Two Handy Mnemonics for CSS
“A mnemonic device is a mind memory and/or learning aid. Commonly, mnemonics are verbal—such as a very short poem or a special word used to help a person remember something—but may be visual, kinesthetic or auditory. Mnemonics rely on associations between easy-to-remember constructs which can be related back to the data that is to be remembered. This is based on the principle that the human mind much more easily remembers spatial, personal, surprising, sexual or humorous or otherwise meaningful information than arbitrary sequences.” — Wikipedia
CSS is pretty intuitive from the get go, but there are some parts that occasionally get mixed up, particularly if you don’t come from a pre-existing technical background and think like a (formatting) language designer. Two such cases are the “box model” used by CSS to define the various parts of the CSS block elements and the related margin/padding shorthand statement.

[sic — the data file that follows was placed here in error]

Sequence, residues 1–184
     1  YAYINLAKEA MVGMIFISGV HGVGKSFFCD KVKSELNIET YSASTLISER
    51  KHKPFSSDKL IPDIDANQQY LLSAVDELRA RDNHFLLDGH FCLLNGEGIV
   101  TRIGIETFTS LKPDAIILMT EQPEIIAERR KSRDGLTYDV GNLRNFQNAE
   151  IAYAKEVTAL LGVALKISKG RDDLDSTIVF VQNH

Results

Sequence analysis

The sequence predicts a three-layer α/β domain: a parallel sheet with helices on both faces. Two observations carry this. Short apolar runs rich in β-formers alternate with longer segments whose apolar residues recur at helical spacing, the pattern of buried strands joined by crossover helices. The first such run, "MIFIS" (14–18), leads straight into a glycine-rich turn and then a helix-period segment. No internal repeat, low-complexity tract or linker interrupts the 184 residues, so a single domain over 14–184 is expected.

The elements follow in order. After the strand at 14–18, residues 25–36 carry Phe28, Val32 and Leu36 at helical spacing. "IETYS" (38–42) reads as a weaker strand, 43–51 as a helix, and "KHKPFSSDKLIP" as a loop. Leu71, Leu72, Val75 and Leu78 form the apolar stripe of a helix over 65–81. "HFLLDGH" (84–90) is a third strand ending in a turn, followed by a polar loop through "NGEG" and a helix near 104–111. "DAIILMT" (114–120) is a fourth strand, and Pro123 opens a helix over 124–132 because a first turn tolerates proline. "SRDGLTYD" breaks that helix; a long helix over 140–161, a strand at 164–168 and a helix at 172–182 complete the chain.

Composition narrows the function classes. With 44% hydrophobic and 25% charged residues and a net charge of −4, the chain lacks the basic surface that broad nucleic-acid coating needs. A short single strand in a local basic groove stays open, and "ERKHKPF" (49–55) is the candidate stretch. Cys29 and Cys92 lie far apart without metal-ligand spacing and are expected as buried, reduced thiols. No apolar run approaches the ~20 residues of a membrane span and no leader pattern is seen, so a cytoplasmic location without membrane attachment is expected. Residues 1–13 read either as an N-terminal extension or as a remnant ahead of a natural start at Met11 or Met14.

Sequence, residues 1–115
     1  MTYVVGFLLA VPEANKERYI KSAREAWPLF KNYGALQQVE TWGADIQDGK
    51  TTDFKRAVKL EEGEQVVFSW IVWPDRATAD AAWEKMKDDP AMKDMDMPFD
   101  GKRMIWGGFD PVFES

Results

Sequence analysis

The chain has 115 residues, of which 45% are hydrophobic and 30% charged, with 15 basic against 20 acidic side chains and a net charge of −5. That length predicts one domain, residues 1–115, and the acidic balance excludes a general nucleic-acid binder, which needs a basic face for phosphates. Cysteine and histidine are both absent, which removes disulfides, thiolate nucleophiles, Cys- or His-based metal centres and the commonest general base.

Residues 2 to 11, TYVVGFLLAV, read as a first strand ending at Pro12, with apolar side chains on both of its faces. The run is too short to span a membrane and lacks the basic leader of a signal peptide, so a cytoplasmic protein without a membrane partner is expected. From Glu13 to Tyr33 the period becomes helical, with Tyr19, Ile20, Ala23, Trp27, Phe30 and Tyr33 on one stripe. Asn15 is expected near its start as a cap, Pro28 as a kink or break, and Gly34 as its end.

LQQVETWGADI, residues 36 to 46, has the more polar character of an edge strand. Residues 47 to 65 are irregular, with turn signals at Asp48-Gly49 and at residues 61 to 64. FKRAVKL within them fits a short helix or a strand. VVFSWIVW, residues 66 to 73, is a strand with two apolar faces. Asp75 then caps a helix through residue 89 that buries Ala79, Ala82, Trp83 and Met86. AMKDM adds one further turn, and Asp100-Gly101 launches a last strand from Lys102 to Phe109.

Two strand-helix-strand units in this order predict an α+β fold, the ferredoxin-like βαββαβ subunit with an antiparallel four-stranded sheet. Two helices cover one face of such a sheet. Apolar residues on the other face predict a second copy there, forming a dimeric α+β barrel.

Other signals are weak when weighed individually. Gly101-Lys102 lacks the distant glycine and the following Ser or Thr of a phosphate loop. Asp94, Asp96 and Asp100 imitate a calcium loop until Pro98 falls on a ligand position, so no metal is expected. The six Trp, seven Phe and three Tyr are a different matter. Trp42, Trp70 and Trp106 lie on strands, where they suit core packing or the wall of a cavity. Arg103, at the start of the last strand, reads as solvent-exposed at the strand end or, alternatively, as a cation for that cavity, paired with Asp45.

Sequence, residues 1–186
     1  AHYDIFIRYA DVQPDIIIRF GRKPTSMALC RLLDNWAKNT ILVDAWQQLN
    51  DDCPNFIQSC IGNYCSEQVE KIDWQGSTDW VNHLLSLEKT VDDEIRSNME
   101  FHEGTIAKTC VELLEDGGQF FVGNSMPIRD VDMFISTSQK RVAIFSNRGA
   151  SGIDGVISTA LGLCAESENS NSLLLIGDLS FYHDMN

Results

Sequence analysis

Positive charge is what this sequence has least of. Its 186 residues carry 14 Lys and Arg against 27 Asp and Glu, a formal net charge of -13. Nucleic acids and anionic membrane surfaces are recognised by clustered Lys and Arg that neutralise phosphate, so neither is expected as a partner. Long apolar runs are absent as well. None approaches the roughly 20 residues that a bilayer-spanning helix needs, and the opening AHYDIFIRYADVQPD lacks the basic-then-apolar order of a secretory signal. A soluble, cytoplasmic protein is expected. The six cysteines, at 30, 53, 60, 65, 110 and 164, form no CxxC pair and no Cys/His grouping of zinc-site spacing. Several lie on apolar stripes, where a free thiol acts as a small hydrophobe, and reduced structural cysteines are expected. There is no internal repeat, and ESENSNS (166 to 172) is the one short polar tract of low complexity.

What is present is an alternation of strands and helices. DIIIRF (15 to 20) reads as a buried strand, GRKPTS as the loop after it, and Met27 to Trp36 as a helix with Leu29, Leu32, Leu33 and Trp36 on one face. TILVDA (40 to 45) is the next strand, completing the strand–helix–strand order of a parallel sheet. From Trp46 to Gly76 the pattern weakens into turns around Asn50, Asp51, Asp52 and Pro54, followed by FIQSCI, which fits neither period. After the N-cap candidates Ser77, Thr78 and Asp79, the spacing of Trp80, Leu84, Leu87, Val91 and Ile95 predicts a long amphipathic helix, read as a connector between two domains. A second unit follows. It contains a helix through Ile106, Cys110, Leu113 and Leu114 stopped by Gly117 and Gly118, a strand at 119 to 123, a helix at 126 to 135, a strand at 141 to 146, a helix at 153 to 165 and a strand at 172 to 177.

The Box Model outlines how Borders, Margins and Padding are situated around content. It is frequently misunderstood and its elements applied incorrectly. In fact, even developers of Internet Explorer got elements of it wrong back in the early days of Internet Explorer 6.
Essentially, the Box Model SHOULD appear like the image on the left, so I use the phrase “Mac Book Pro” to remember the the order of the various elements around the content. If you really, really dislike Apple products, you could still use it and add “brand rage” to the motivation for remembering this particular mnemonic. 🙂
Margin & Padding Shorthand
One handy feature of CSS is the option to write many of the longer specifications in convenient shorthand. When you’re dealing with multiple stylesheets, each potentially quite long, you’ll come to appreciate this feature.
- margin-top: 10px;
- margin-right: 5px;
- margin-bottom: 20px;
- maring-left: 10px;
but if they all share similar values, it’s often much more convenient to shorten them into a single line, like so:
- margin: 10px 5px 20px 10px;
however this can be problematic if you aren’t certain of the order of those shorthand elements in relation to their longhand (?) versions. I remember the order by thinking of margin & padding elements like a clock. You start at 12 o’clock at the top and simply go around the block/clock in order.